Visit the website for Washington's Shoreline Master Program for more information about this program.
The Monterey Bay National Marine Sanctuary (MBNMS) is a federally-protected marine area offshore of California's central coast and encompasses 276 miles of shoreline. This coastline includes both pristine areas such as Big Sur and more developed areas such as Santa Cruz. Approximately 14 miles of the coastline are currently armored and this figure is expected to double if current shoreline development trends continue.
The Sanctuary must authorize and can place conditions on any California Coastal Commission (Commission) permit for armoring projects below mean high tide. In the past, MBNMS review focused primarily on minimizing construction impacts and not on the long-term effects of the structure. Many seawalls also have been constructed without the Sanctuary's authorization. Therefore, to more effectively consider long-term and regional impacts from these armoring projects and improve interagency coordination on the permitting process, MBNMS initiated a joint evaluation with the Commission to develop a regional approach to coastal armoring which would be incorporated into the Sanctuary's management plan.
The MBNMS convened a workgroup in 2003 with representatives from the Commission, U.S. Geological Survey, California Department of Transportation, California Department of Boating and Waterways, U.S. Army Corps of Engineers, and scientists from local institutions to develop an action plan for a proactive regional approach to coastal armoring. The action plan calls for the following:
The pilot project in southern Monterey Bay began in January 2005. The Southern Monterey Bay Coastal Erosion and Armoring Workgroup is overseeing the project and has already synthesized the scientific information related to coastal erosion and armoring in the pilot area, identified existing structures threatened by erosion, and outlined some potential alternatives to shoreline hardening. The workgroup will continue to identify at-risk areas, potential response options, and criteria for selecting an option to implement. Finally, the workgroup will recommend strategies for implementing the regional action plan based on the process they developed during the pilot project. The recommendations stemming from the pilot project will guide the Commission, Sanctuary and local jurisdictions on how to evaluate future armoring applications and address shoreline erosion more holistically within the Monterey Bay region.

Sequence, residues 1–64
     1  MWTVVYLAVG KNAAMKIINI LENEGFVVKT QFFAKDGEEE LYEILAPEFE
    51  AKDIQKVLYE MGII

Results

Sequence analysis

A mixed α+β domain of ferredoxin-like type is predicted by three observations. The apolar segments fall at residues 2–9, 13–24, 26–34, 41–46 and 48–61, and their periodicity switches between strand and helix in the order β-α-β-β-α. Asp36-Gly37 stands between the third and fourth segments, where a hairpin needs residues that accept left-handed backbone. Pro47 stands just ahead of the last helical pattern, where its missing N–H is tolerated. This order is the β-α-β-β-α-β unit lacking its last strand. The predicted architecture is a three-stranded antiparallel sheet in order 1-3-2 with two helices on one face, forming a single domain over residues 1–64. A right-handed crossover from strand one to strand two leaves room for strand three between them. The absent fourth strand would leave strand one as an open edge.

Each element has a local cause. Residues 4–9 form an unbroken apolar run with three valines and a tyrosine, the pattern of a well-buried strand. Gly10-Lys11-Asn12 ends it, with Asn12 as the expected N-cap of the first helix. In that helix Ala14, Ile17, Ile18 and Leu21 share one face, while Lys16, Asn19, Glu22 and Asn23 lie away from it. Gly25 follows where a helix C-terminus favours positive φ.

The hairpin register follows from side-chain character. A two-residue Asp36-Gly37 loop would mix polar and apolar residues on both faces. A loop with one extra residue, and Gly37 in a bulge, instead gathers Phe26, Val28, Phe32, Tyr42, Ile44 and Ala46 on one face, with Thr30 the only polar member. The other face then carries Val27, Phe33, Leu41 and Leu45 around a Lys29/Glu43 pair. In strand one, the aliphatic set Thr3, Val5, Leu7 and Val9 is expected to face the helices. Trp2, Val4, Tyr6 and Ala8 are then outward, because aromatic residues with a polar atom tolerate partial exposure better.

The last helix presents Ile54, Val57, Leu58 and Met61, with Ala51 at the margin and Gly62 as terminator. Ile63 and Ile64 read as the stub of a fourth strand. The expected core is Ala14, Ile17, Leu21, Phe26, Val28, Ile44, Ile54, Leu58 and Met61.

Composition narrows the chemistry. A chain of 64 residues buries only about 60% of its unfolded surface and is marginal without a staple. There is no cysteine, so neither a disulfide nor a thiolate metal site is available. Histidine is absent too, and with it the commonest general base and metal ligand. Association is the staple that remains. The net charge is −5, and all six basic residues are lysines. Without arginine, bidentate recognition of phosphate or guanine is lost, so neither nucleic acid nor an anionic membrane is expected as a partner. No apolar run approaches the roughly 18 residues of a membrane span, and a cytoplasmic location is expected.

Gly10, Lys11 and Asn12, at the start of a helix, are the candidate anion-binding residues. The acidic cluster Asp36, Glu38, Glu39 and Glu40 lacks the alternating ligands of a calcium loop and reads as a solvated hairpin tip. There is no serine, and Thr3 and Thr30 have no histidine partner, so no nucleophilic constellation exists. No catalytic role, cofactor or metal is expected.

Although the pilot project is still in its infancy, its already encountered several challenges including how to reach a consensus on which erosion rate data to use given that different scientific studies have produced different results. In addition, the workgroup must decide how best to consider both episodic events such as El Niño that can cause more severe short-term erosion, as well as chronic erosion, which erodes gradually over the long term. Finally, when determining shoreline management options, the workgroup must be sure that they are balancing the need to protect private property with the need protect public beaches, as beaches are often impacted directly and indirectly by changes in sand transport caused by armoring. Balancing private property versus public access needs includes the sometimes-difficult task of putting an economic value on non-market uses, such as public access and commercial use of the beach (see the Economics of Shoreline Management for a more in-depth discussion about valuing non-market uses).